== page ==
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Volumetric Changes in PTSD and in a Subgroup of PTSD Patients not Responding to EMDR Psychotherapy [PW04-01]

Published online by Cambridge University Press:  16 April 2020

M. Pagani
Affiliation:
Nuclear Medicine, Karolinska Hospital, Stockholm, Sweden ISTC, CNR, Rome & Padua, Italy
D. Nardo
Affiliation:
Department of Psychology, University ‘La Sapienza’, Rome, Italy
F. Flumeri
Affiliation:
ISTC, CNR, Rome & Padua, Italy
D. Salmaso
Affiliation:
ISTC, CNR, Rome & Padua, Italy
J. Looi
Affiliation:
Psychological Medicine, Australian National University Medical School, Canberra, Australia
A. Sanchez-Crespo
Affiliation:
Nuclear Medicine, Karolinska Hospital, Stockholm, Sweden
S.A. Larsson
Affiliation:
Nuclear Medicine, Karolinska Hospital, Stockholm, Sweden
Ö. Sundin
Affiliation:
Division of Psychology, Mid Sweden University, Ostersund
G. Högberg
Affiliation:
Clinical Neuroscience, Karolinska Institutet, Huddinge
S. Bejerot
Affiliation:
Psychiatry, St. Göran's Hospital, Stockholm, Sweden

Abstract

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Background:

Several studies have reported limbic structures volume decrease in Post-Traumatic Stress Disorder (PTSD). However, in PTSD the effect of therapy on brain structures has seldom been investigated. The aim of the study was to evaluate the grey matter (GM) loss in occupational related PTSD and to assess the volumetric differences between patients responding (R) and non-responding (NR) to psychotherapy.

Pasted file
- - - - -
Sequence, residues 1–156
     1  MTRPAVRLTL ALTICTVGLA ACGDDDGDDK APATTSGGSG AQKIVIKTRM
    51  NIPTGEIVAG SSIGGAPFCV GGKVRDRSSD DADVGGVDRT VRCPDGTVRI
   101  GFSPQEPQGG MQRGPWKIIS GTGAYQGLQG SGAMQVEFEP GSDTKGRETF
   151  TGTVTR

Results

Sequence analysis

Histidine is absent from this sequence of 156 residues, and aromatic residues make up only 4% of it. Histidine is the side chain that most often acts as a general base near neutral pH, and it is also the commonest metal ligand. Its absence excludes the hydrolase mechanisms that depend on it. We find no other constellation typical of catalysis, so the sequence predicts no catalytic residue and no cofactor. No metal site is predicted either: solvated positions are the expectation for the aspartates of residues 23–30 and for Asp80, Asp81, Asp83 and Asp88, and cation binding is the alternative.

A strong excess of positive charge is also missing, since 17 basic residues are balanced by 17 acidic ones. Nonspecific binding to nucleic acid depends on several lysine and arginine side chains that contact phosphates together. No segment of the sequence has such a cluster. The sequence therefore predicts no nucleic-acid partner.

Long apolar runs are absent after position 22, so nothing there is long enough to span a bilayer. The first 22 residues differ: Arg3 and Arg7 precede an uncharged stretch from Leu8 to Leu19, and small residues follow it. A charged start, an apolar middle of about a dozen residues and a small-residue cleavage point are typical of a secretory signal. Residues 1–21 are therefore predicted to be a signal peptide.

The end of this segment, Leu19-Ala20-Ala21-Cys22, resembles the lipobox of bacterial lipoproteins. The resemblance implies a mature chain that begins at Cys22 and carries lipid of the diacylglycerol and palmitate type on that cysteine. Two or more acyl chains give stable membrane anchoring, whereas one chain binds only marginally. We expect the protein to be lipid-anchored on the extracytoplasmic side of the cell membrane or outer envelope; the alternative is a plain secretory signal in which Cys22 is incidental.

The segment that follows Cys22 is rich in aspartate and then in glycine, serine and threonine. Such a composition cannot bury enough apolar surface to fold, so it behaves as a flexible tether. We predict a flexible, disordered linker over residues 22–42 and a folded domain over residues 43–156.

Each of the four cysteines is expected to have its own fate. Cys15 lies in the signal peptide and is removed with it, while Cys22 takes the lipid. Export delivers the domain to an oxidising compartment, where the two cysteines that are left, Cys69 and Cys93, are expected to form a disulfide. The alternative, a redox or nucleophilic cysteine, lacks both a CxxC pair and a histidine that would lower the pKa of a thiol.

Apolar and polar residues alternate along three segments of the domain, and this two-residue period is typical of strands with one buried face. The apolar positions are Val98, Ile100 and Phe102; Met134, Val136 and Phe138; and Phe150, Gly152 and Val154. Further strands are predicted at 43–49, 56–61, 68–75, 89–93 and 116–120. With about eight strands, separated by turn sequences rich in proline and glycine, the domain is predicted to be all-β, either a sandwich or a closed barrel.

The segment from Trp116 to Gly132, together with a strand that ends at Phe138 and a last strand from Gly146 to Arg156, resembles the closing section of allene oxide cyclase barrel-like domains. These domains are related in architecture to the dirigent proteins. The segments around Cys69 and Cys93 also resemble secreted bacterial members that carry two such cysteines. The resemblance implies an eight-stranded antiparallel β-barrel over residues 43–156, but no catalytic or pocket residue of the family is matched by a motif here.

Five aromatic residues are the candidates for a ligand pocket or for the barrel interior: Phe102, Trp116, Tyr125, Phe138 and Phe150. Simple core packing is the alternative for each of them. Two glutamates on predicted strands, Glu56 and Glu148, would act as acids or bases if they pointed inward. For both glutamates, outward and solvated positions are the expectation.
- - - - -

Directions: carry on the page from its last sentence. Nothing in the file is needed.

Methods:

Pre-EMDR MRI data of 21 train drives who did develop PTSD (S) and 22 who did not develop PTSD (NS) after person-under-the-train accidents were compared. Within S further comparisons were made between 10 R to Eye Movement Desensitisation Reprocessing (EMDR) therapy and 5 NR. Data were analysed by optimised voxel-based morphometry as implemented in Statistical Parametric Mapping.

Results:

As compared to NS, S showed a significant GM volume reduction in precuneus, lingual gyrus, posterior cingulate and parahippocampal cortex. The R>NR comparison highlighted a significant GM reduction in NR in bilateral posterior cingulate, left middle frontal cortex and right parahippocampal, insular and temporal cortices.

Conclusions:

Comparing two large groups of subjects significant GM volumetric reductions were found in PTSD in posterior limbic structures. NR showed, as compared to R, volume reduction in cortical structures including posterior cingulate and parahippocampal cortex. These latter two structures seem to be the hallmark for both PTSD diagnosis and therapy outcome prediction.

Type
PW04-01
Copyright
Copyright © European Psychiatric Association 2009
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